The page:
Then you get to “Back in Black”. Bon’s dead but the lyrics have this spooky connection to “Down Payment Blues”: Back in the back / Of a Cadillac / Number one with a bullet, I’m a power pack.

Why was Brian singing about riding around in Cadillacs? He’d just joined AC/DC, wasn’t earning a lot and was on his best behavior. Bon had a reason to be singing about money. He was writing all the songs and just had a breakthrough album with Highway to Hell. Which begs the question: Could Bon also have written or part written the lyrics to “Back in Black”?

Bon’s late mother Isa said in 2006: “The last time we saw him was Christmas ’79, two months before he died. [Bon] told me he was working on the Back in Black album and that that was going to be it; that he was going to be a millionaire.”

7. “You Shook Me All Night Long”
(Back in Black, 1980)

Everyone knows and loves this song; it’s played everywhere. Shania Twain and Celine Dion have covered it. It’s one of AC/DC’s standbys. But who wrote it?

Former Mötley Crüe manager Doug Thaler is convinced Bon Scott, who’d passed away before the album was recorded, being replaced by Brian Johnson, wrote the lyrics. In fact he told me, “You can bet your life that Bon Scott wrote the lyrics to ‘You Shook Me All Night Long’.” That’s a pretty strong statement from a guy who used to be AC/DC’s American booking agent and knew the band intimately. I look into this claim in some depth in the book and draw my own conclusions.

I’m convinced Bon wrote it. In my opinion only Bon would have written a line like “She told me to come but I was already there.” Brian never matched the verve or wit of Bon in his lyrics and it’s why I think so much of AC/DC’s mid-'80s output suffers even when the guitar work of the Youngs was as good as it ever was.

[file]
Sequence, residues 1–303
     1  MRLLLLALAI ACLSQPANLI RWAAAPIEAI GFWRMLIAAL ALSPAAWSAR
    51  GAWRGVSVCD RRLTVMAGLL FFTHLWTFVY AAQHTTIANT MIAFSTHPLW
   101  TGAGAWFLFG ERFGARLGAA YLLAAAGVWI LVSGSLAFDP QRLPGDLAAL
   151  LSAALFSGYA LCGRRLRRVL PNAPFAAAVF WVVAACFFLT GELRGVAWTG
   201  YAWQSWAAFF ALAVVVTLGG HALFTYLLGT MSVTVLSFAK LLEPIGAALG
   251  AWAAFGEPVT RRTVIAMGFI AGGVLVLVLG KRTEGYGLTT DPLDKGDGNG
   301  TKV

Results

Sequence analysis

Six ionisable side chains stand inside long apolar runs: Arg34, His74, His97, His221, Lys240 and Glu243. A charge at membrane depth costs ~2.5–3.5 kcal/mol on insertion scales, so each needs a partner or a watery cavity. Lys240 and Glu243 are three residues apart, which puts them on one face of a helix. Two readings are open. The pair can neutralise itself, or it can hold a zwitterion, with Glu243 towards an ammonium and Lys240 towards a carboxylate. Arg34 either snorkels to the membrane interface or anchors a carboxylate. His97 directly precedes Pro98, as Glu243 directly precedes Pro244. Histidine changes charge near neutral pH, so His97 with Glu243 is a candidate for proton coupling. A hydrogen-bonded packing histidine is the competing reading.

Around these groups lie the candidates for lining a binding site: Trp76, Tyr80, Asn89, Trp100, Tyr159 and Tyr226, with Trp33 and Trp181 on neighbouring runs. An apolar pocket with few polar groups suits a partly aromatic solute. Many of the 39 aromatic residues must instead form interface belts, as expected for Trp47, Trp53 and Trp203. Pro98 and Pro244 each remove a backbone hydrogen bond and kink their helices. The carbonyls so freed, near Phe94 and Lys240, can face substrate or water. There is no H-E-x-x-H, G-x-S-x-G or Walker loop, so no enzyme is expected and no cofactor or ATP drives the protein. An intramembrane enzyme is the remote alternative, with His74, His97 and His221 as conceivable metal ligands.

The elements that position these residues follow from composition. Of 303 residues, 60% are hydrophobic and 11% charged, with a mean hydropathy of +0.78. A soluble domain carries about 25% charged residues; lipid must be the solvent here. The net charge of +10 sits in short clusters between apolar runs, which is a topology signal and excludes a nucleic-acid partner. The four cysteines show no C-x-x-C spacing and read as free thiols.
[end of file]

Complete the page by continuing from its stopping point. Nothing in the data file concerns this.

But what’s also really interesting about this song in light of the recent hullabaloo over Taurus and Led Zeppelin is how much the opening guitar riff sounds similar to Head East’s “Never Been Any Reason”. I didn’t know a hell of a lot about Head East before I started working on this book, but came across “Never Been Any Reason” in the process of doing my research and was blown away when I heard it for the first time. AC/DC opened for Head East in Milwaukee in 1977. So the two bands crossed paths.

6. “Rock ’N’ Roll Damnation”
(Powerage, 1978)

It’s hard to get my head around the fact Mick Wall, the British rock writer and author of AC/DC: Hell Ain’t a Bad Place to Be, called this “a two-bit piece of head-bopping guff.” Not sure what track he was listening to when he wrote that -- maybe he was having a bad day -- but for me it’s one of the last of AC/DC’s classic boogie tracks and probably the best.

Mark Evans loves it almost as much as he loves “Highway to Hell". It has everything you want in an AC/DC song plus shakers, tambourines and handclaps, a real Motown touch that George Young and Harry Vanda brought to bear on the recording. They did something similar with the John Paul Young hit “Love Is in the Air”. Percussion was an underlying feature of many early AC/DC songs. This one really grooves. I never get tired of hearing it.

“Rock ’n’ Roll Damnation” was AC/DC’s first hit in the UK charts and a lot of the credit has to go to Michael Klenfner, best known as the fat guy with the moustache who stops Jake and Elwood backstage in the final reel of The Blues Brothers and offers them a recording contract. He was senior vice-president at Atlantic at the time, and insisted the band go back and record a radio-worthy single after they delivered the first cut of Powerage to New York.

Michael was a real champion of AC/DC behind the scenes at Atlantic, and never got the recognition he was due while he was still alive (he passed away in 2009). He ended up having a falling out with Atlantic president Jerry Greenberg over the choice of producer for Highway to Hell and got fired. But it was Klenfner who arguably did more for the band than anyone else while they were at Atlantic. His story deserves to be known by the fans.